Hundreds attend Galway homecoming for Michael D Higgins

President calls for a ‘value-based politics’ during event following his re-election

Myles Kelly (2), Maxim Kelly (38) and President Michael D Higgins at the homecoming in Galway on Sunday night.

Myles Kelly (2), Maxim Kelly (38) and President Michael D Higgins at the homecoming in Galway on Sunday night.


President Michael D Higgins has spoken of his vision for a “value-based politics” and a future “imagined together” which is not limited by the “boundaries of nation”.

Addressing a homecoming in Galway on Sunday night attended by several hundred people, following his re-election last weekend, Mr Higgins spoke of values of “respect, participation and transformation”, and the “challenges” facing the planet, which had been endangered by “practices which are only 150 years old”.

“We are all listening to a better music of the heart,” he said, while also acknowledging he was “honoured, privileged and humbled” to be President for the next seven years.

It was “not acceptable for institutions in the 21st-century to be run in a 19th-century way”, Mr Higgins said, adding that the world was “now at the point of making great choices”.

Democracy could either be “undermined by xenophobia and hatred”, or “deepened” by changing institutions into more respectful and participatory entities, he said.

He recalled how when he was first elected President in 2011, he and his wife Sabina had travelled through an Ireland where people had “broken expectations” and were facing “the hard end of an austerity regime” after the Troika.

“There was an atmosphere around that people might lose trust in the political system,” he recalled. However, in this recent presidential campaign, young people had said “no” to “cynics” and “yes” to transformation, he said, and had opted to become the “arrows rather than targets of change”.

Mr Higgins said he believed a “new kind of campaign” had influenced the support he secured in 40 constituencies in the October 26th presidential vote.

He paid tribute to all those who had worked for him, including those who had been with him during his 40 years in politics with the Labour Party, and the members of the Social Democrats, Fine Gael, Fianna Fáil and Green Party who had also supported him.

He said that in his inauguration speech he would address the definition of the republic as a “set of communities of vulnerabilities, as well as capacities”.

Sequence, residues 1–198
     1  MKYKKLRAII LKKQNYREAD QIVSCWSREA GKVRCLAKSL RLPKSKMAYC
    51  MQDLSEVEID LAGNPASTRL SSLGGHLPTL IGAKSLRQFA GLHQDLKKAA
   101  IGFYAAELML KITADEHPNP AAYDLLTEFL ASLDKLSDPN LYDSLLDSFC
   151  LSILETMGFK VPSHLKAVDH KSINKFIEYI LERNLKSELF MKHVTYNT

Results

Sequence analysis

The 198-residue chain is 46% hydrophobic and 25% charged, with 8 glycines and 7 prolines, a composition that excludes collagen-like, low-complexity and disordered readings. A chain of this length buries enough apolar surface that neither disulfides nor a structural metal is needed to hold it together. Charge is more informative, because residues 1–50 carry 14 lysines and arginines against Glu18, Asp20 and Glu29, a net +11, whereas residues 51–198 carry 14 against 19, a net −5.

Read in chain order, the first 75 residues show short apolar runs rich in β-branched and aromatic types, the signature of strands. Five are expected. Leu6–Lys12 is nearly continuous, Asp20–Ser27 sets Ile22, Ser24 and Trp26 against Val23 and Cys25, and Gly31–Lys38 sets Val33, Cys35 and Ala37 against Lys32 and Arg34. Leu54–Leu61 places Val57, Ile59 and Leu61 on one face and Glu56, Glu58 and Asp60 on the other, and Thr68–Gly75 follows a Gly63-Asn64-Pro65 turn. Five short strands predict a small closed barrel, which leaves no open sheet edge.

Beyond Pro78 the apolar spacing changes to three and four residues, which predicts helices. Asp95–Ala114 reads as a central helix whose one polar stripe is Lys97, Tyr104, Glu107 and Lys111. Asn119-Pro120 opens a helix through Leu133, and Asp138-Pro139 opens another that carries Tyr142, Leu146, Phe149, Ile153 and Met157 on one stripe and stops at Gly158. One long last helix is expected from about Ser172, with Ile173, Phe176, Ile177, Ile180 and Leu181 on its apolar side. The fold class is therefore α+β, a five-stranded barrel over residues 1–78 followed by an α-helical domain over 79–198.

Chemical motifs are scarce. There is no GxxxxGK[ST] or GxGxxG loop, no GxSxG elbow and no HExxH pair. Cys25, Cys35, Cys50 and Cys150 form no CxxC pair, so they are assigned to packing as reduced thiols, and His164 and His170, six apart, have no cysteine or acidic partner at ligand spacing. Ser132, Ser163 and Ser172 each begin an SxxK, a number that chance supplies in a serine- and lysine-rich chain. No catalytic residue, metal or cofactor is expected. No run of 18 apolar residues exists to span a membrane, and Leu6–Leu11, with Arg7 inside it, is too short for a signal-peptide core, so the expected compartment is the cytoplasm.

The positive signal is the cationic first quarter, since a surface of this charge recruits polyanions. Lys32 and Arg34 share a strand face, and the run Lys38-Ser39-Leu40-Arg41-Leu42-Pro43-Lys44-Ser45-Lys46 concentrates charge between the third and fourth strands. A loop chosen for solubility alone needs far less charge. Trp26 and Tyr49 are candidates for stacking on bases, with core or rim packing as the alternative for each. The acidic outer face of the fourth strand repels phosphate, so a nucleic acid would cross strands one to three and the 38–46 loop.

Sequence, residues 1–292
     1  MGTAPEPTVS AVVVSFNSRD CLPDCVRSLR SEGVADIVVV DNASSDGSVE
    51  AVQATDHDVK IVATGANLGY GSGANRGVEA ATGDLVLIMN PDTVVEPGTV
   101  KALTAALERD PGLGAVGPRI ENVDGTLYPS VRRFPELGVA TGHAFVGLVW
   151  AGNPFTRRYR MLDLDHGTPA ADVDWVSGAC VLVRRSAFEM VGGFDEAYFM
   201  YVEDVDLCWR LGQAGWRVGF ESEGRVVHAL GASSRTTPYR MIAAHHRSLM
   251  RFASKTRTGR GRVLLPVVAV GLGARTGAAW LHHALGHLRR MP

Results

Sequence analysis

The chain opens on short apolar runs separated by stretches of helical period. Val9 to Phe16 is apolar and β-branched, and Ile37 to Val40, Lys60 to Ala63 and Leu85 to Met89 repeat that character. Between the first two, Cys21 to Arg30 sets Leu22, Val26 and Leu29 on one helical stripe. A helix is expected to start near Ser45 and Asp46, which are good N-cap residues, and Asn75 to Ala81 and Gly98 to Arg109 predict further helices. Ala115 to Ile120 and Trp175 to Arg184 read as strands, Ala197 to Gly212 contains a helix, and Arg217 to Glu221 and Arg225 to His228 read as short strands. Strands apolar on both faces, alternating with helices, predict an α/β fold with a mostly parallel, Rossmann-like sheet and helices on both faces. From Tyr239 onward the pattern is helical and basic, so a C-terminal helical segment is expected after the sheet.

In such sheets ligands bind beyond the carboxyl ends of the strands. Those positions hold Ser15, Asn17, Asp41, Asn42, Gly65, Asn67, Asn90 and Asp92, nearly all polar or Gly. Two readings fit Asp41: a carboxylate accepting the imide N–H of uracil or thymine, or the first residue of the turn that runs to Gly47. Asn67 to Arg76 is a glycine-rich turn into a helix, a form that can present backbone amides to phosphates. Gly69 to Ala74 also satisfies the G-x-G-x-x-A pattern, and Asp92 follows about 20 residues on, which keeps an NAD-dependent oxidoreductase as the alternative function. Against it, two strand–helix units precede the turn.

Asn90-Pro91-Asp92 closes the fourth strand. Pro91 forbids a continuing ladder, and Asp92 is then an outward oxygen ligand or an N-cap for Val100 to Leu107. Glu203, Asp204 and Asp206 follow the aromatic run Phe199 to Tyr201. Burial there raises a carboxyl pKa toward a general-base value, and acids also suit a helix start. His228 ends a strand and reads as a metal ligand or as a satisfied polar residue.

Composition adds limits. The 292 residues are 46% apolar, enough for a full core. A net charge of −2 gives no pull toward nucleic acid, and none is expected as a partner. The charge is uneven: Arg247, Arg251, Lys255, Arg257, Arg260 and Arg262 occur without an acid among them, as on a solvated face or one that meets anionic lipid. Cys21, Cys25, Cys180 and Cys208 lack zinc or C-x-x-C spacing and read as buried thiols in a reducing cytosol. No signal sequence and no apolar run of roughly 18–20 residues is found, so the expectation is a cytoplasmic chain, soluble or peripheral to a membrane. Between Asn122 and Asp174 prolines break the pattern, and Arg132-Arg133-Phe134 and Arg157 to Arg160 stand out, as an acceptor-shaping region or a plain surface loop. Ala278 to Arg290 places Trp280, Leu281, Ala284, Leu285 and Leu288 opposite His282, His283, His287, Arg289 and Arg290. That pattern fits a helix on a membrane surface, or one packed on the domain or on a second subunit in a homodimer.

Unique foresight

Mr Higgins extolled the unique foresight of artists, who could always envision “possibilities for the future” long before everyone else, and paid tribute to the “strength of the feminist movement”.

He said there was an opportunity to define a “real participatory republic” with values of sustainability, in a world where it was “not inevitable” that thousands of people should die daily of hunger.

With “value-based politics”, he said, “those marching to these values will have different tunes but it is in the same direction we are going . . . a shared, participatory world which is not divided”.

Mr Higgins, his wife Sabina and family were greeted at the event with a standing ovation by Labour Mayor of Galway Niall McNelis, Fine Gael TD Hildegarde Naughton, and supporters and canvassers who worked with the Galway for Higgins campaign – a cross-party initiative .

The youngest supporter present was Myles Kelly, all of 2 years old, from Renmore, in the company of his father, Maxim Kelly (38).

Music was provided by Trad on the Prom, Michelle Lally, and Eleanor Shanley, among others, and master of ceremonies was performer and playwright Little John Nee. He recalled hearing Mr Higgins, a then senator, speaking in the North Star Hotel in Dublin in 1984, and noted how his encouragement for artists had translated into the best investment ever in the arts in subsequent years.

“In these times, one can be overwhelmed by the rhetoric of Donald Trump. but one can always go to and that will cure you,” Nee said. “We are the luckiest nation on Earth to have not only the best President, but Sabina also,” he said, to loud applause.

Labour’s Galway West branch chair Dr Andrew Ó Baoill paid tribute to an electorate which had returned a “cosmopolitan, creative and intellectually curious” President, who represented the “immigrant and emigrant, settled and Traveller, the young and old”.